Breaking the obesity barrier -- pdf.pdf

Breaking the Obesity Barrier: Near-Term Prospects for Breakthrough

Dec. 22, 2005 -- The prevalence of overweight and obesity is increasing at an alarming rate, not only in the United States but worldwide. The World Health Organization recently warned that the number of overweight and obese people worldwide could reach 1.5 billion by 2015. (Red Herring, Sept. 2005) Besides being a cosmetic problem, obesity carries a host of comorbidities, including increased risk of type 2 diabetes, cardiovascular disease, and certain cancers. Relatively few overweight individuals who attempt to lose weight by diet and exercise succeed, and most regain their weight over the long term. The growing realization of how dangerous this condition is and the frustration with current therapeutic options have led to a dramatic increase in bariatric surgeries: The number of these procedures increased 450% between 1998 and 2002, growing from 12,775 to 70,256 cases (Nguyen, Arch. Surg., 2005), and an estimated 171,000 such procedures, which cost approximately $25,000 each, will be performed this year, according to the American Society for Bariatric Surgery. In recent years, basic research in obesity, including discovering the molecular basis of the phenotypes of obese strains of mice, has led to the realization that obesity is a disease, not the result of a failure in willpower. Academic researchers have continued their work on understanding the basis of controlling body weight, and pharmaceutical and biotechnology companies have attempted to discover and develop drugs designed to assist people in losing weight. However, developing antiobesity drugs has been exceedingly difficult. Finding drugs that produce major weight loss has so far been impossible. And current drugs do not work for all patients. A major reason for the difficulty in developing antiobesity drugs --and the minimal efficacy of those that have been developed--is that the condition is very complex, involving many poorly understood pathways. Moreover, drugs that have reached the market have had serious side effects. In fact, one of the most spectacular pharmaceutical debacles of all time involved Wyeth's Redux (dexfenfluramine), which was once hailed as the first breakthrough antiobesity drug to reach the market. Redux and its older cousin, Wyeth's Pondimin (fenfluramine), were the "fen" half of fen/phen, where the "phen" stands for phentermine. Redux and Pondimin were withdrawn in 1997, when they were linked to serious cardiovascular side effects that caused death and disability in some patients (MMWR, Nov. 14, 1997). Wyeth has had to set aside about $21 billion to cover its liability in this case, which has drastically altered the company's overall prospects. Current Therapies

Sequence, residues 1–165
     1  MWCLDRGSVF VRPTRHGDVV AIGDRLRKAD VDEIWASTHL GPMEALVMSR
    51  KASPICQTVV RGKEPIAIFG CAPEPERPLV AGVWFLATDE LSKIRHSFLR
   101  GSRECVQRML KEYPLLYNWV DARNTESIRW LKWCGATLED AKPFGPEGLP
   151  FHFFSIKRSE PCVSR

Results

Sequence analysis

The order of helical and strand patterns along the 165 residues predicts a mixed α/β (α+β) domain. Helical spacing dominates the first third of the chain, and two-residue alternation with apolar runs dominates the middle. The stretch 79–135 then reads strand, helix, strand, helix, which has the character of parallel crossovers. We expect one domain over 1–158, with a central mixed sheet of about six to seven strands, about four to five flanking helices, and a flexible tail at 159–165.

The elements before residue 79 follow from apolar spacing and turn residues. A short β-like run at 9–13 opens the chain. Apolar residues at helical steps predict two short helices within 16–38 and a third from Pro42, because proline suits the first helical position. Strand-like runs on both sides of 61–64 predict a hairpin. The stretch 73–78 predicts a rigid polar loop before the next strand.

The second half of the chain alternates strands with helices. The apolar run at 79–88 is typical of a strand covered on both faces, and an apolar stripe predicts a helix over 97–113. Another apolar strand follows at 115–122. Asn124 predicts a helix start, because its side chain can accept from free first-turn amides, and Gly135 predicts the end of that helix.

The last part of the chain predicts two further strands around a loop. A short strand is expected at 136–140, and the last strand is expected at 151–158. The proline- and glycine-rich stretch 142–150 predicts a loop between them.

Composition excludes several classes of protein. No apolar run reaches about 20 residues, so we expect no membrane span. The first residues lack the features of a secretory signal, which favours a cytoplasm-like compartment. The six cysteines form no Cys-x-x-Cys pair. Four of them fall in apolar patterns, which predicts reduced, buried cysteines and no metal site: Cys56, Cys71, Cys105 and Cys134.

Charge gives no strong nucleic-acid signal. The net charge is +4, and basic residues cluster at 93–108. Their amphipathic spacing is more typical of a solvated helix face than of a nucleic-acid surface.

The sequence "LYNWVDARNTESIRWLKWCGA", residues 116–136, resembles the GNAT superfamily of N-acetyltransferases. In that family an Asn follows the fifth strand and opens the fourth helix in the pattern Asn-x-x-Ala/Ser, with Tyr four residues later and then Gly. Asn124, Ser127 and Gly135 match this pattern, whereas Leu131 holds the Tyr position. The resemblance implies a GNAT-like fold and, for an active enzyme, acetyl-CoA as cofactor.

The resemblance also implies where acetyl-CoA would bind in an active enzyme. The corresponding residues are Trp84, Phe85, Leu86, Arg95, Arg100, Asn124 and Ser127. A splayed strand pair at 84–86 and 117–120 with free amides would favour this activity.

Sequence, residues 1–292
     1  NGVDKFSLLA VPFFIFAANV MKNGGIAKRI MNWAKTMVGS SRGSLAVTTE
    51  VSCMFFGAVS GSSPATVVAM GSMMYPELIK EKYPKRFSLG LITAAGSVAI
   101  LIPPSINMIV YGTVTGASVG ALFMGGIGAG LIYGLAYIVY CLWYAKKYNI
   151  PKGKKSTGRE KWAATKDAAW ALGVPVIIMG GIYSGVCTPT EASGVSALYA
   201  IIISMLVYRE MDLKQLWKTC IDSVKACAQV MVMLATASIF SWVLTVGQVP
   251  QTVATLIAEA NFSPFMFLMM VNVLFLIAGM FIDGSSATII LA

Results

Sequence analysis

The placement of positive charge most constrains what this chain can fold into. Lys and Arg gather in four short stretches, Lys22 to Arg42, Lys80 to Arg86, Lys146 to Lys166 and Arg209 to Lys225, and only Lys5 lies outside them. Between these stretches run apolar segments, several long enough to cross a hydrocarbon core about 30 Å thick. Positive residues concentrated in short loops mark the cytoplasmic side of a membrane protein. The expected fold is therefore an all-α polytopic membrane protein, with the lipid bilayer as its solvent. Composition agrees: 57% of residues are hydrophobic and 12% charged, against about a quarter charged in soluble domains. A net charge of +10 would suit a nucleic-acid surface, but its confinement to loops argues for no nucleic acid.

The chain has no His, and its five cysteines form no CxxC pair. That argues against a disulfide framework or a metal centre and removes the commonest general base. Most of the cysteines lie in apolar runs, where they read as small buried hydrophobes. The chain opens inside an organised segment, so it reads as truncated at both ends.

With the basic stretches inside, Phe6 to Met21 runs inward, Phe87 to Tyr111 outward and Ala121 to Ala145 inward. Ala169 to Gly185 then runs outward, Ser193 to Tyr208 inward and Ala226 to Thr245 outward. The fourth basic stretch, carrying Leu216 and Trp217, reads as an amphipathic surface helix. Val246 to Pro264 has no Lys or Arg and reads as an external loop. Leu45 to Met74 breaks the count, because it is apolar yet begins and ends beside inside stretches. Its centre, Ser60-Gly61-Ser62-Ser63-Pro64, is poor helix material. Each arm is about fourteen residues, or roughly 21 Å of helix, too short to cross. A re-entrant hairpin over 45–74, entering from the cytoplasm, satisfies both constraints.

Only two obesity drugs are currently available—Roche's Xenical (orlistat) and Abbott's Meridia
(sibutramine). (See Table 1.) Both drugs are prescribed as an adjunct to a hypocaloric diet and
exercise: It is expected that any new obesity drugs will be prescribed with similar directives. Both
drugs have limited efficacy, with typical weight loss of 5-10% of body weight. This modest degree